Amphibious Warfare Ships and Naval Aviation

Amphibious warfare ships are capable of recovering and launching aircraft such as the AH-1W, UH-1N, CH-46E Sea Knight, the H-53 Super Stallion/Sea Dragon, the AV-8B Harrier II, and the MV-22 tilt-rotor Osprey. The CH-46E Sea Knight is the Marine Corps major troop and supply, ship-to-shore, transport aircraft. The Marine Corps CH-53E Super Stallions provide a heavy-lift troop and supply transport capability, while UH-1N Hueys perform utility, command-and-control, and other duties. The Navy's MH-53E provides an airborne minesweeping capability. AV-8B Harriers and
AH-1 Cobras provide offensive air support and helicopter escort for the MAGTF. The MV-22 Osprey will have the ability to transport 24 combat-equipped Marines, or a 10,000-pound external payload, 2,100 nautical miles with just one aerial refueling. This surface ship/aviation team greatly enhances the ability to conduct Operational Maneuver from the Sea (OMFTS).

 

 Logistics Ships and Naval Aviation

The Navy's large logistics ships are capable of launching and recovering all vertical take-off and landing aircraft in the naval inventory. Logistics ships with their aviation ability are an integral part of the Navy's self-sustainment capability. Aircraft such as the Navy's CH-46D Sea Knight, the airborne workhorse of the fleet, provide replenishment of supplies and munitions in all weather, day or night. This capability gives the battle group the ability to operate without depending upon a politically or militarily vulnerable shore-based infrastructure.

Command and Control Ships and Naval Aviation

Command and control ships such as the USS Mount Whitney (LCC 20) are capable of handling aircraft up to and including the H-53 Super Stallion/Sea Dragon and the V-22 Osprey. This air capability provides the Fleet Commander or Joint Force Commander with the capability to rapidly and efficiently move people and equipment to places in-theater, where and when they are needed, in an ever changing environment.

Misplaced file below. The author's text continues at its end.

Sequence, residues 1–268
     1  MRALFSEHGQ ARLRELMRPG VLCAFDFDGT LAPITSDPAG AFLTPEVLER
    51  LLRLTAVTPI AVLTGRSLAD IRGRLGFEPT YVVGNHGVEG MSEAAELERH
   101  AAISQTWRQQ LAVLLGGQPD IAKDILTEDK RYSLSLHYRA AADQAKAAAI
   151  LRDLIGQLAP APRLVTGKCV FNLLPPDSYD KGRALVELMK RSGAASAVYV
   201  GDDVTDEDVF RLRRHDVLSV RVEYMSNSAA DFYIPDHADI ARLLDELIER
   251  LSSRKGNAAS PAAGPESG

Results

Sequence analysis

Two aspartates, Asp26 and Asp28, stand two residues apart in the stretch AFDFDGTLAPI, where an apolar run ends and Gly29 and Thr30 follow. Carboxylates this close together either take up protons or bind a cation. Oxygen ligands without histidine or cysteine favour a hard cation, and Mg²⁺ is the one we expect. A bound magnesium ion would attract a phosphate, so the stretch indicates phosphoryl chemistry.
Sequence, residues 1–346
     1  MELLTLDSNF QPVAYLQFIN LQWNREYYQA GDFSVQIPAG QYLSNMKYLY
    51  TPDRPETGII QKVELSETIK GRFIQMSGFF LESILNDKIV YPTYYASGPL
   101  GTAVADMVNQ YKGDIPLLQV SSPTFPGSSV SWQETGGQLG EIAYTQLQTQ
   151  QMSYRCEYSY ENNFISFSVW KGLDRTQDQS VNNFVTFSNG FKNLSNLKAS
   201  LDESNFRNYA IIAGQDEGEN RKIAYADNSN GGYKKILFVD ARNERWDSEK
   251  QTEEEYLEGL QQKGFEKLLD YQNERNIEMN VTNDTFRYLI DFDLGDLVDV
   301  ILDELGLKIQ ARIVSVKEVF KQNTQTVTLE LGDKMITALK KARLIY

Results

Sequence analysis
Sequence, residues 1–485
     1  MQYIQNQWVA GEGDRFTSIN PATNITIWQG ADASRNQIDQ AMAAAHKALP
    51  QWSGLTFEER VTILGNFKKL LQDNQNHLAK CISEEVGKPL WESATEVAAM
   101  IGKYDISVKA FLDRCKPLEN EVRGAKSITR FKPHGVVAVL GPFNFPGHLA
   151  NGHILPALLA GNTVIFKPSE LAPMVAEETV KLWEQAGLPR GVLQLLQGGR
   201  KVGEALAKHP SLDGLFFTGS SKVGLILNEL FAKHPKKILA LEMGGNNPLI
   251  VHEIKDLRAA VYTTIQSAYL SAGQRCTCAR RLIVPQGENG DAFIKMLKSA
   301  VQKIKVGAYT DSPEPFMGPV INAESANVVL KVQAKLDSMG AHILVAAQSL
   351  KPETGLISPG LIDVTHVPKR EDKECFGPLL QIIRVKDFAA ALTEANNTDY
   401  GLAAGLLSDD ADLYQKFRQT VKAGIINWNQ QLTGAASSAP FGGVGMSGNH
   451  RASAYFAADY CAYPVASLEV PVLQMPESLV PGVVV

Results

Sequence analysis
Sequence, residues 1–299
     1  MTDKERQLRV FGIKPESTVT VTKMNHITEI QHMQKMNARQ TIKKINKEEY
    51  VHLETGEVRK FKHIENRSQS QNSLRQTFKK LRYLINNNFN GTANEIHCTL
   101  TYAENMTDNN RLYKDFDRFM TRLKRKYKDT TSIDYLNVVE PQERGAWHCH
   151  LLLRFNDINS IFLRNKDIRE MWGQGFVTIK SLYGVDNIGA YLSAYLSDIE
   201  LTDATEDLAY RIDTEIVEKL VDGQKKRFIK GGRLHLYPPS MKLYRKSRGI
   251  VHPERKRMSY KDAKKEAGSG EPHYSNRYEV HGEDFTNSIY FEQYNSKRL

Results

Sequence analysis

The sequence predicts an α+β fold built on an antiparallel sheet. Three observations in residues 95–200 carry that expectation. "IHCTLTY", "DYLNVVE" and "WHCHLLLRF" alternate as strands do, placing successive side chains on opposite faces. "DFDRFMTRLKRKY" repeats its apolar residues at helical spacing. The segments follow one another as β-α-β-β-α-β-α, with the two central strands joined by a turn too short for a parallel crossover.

Maritime Patrol Aviation

The maritime patrol force is a land-based facet of naval air power, having global reach while still maintaining a small logistical "footprint." With their ability to conduct ASUW, USW, surveillance, and mining operations, forward-deployed P-3C aircraft provide continuous, multi-mission support to joint task forces and naval task groups at sea. Operating in support of carrier battle groups, surface action groups, and amphibious task forces or independently these aircraft are an important, flexible element in our naval forward presence posture. Their Tactical Support Centers are also a critical component in the Navy's integrated, worldwide network of maritime command and surveillance centers.

Special-Purpose and Support Aviation

The Navy also operates specialized fixed-wing and helicopter squadrons that support a variety of naval and joint activities. These include electronic intelligence collection aircraft, strategic communications command/relay aircraft, minesweeping helicopters, and various types of cargo, passenger, and vertical replenishment fixed- and rotary-wing aircraft. Most of these squadrons are active-duty commands; several are composite active-reserve, or reserve squadrons.
 
 
 

Training

Naval Aviation trains Navy and Marine Corps aviators and naval flight officers, along with Coast Guard aviators, select naval aviators from allied countries, and certain U.S. Air Force personnel. It also maintains a school system to train the enlisted personnel that will maintain aircraft and support Navy, Marine Corps, and Coast Guard flight operations. From bases located primarily in the southern and southeastern United States, Naval Aviation produces the finest aviators, naval flight officers, enlisted aircrew, and support personnel in the world.